Why Freud Survives – The New Yorker

“As Crews is right to believe, this Freud has long outlived psychoanalysis. For many years, even as writers were discarding the more patently absurd elements of his theory–penis envy, or the death drive–they continued to pay homage to Freud’s unblinking insight into the human condition. That persona helped Freud to evolve, in the popular imagination, from a scientist into a kind of poet of the mind. And the thing about poets is that they cannot be refuted. No one asks of ‘Paradise Lost’: But is it true? Freud and his concepts, now converted into metaphors, joined the legion of the undead.


For readers with less skin in the Freud wars, the question is: What is at stake? And the answer has to be Freudianism–the theory itself and its post-clinical afterlife. Although Freud renounced his early work on cocaine, Crews examines it carefully, and he shows that, from the beginning, Freud was a lousy scientist. He fudged data; he made unsubstantiated claims; he took credit for other people’s ideas. Sometimes he lied. A lot of people in the late nineteenth century believed that cocaine might be a miracle drug, and Crews may be a little unfair when he tries to pin much of the blame for the later epidemic of cocaine abuse on Freud. Still, even starting out, Freud showed himself to be a man who did not have much in the way of professional scruples. The fundamental claim of the revisionists is that Freud never changed. It was bogus science all the way. And the central issue for most of them is what is known as the seduction theory.”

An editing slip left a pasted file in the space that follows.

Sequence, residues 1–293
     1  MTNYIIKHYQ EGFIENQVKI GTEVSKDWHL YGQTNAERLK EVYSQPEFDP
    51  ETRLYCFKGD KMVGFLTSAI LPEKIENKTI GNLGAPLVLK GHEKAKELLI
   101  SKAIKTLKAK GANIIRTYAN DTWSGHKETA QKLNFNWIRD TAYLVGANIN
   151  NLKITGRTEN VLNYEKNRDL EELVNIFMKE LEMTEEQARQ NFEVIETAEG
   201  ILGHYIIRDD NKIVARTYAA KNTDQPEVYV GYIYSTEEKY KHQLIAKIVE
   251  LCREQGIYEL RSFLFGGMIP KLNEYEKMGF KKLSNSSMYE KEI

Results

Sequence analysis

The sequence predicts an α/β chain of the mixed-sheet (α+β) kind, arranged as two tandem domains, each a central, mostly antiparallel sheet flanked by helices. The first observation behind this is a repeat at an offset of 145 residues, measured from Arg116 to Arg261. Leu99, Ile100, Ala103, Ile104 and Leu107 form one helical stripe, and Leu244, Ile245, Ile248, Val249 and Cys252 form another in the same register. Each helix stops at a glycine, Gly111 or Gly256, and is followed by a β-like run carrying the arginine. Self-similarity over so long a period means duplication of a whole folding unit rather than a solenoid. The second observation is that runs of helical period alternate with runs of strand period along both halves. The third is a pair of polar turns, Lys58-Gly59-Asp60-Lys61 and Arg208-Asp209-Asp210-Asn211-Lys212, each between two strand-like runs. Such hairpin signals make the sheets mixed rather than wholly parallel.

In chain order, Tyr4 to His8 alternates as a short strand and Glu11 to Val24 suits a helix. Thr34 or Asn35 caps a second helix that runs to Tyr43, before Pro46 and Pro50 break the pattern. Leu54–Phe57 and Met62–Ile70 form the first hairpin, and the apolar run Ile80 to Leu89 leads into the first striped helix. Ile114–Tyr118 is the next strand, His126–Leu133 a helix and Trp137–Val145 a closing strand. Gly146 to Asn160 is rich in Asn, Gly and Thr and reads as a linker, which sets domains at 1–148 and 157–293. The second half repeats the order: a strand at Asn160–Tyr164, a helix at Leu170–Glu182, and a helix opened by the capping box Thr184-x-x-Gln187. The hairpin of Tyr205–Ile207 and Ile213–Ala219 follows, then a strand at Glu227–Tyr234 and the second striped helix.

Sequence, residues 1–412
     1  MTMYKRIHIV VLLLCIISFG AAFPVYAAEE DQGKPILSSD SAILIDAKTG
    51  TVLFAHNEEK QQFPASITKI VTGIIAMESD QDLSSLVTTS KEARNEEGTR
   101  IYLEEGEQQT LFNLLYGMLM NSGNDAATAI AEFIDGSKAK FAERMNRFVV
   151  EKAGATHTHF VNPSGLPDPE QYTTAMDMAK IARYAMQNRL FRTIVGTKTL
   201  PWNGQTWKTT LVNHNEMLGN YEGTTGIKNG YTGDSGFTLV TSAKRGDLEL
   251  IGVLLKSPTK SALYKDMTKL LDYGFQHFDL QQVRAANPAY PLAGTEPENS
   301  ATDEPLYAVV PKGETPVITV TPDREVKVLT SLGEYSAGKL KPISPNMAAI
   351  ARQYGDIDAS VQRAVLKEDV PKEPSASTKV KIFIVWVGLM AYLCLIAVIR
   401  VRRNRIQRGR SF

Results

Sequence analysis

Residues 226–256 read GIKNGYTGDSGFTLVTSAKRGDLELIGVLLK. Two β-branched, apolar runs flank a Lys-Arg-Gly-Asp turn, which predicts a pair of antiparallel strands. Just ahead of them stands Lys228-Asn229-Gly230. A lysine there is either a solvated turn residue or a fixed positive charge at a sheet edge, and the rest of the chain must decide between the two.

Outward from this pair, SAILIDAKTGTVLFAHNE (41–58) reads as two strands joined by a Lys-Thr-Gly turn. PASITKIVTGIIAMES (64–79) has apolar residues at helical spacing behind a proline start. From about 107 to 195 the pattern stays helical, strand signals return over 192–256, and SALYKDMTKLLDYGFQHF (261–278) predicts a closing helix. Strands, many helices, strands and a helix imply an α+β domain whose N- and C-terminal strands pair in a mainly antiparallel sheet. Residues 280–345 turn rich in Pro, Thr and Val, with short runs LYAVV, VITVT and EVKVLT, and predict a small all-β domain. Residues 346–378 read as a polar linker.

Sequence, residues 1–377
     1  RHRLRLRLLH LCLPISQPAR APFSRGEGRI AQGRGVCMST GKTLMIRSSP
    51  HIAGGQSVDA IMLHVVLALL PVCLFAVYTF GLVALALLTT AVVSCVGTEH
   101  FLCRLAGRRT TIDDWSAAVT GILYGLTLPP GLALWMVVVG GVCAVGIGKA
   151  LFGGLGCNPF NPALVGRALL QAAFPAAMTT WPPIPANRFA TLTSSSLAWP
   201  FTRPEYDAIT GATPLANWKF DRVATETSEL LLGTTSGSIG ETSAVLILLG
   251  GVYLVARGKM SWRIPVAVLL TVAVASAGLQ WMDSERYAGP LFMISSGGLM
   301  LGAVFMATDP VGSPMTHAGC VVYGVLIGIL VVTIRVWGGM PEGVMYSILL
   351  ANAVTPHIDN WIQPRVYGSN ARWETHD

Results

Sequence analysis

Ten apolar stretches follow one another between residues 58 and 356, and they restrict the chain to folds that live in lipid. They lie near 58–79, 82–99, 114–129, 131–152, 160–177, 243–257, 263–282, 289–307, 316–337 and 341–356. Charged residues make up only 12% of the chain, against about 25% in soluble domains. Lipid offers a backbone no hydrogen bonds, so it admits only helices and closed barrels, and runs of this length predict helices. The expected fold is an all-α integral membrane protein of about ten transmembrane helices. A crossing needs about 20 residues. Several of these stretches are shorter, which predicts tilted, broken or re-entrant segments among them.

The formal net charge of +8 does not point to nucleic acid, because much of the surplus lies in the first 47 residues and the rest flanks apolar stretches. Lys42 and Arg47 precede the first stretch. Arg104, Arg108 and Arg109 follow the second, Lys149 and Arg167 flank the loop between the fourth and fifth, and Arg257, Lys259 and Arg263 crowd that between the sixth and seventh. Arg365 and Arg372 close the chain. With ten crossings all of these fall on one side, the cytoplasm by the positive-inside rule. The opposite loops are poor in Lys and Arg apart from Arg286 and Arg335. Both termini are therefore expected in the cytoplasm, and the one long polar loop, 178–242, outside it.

I’ve always found it surprising that Freudianism remains a thing. As this article points out, he has been debunked, and his ideas are about as useful today as phrenology. My guess is that there are a lot of people with investments in maintaining his ideas, but even then, why have others kept on swallowing these ideas?

Source: Why Freud Survives | The New Yorker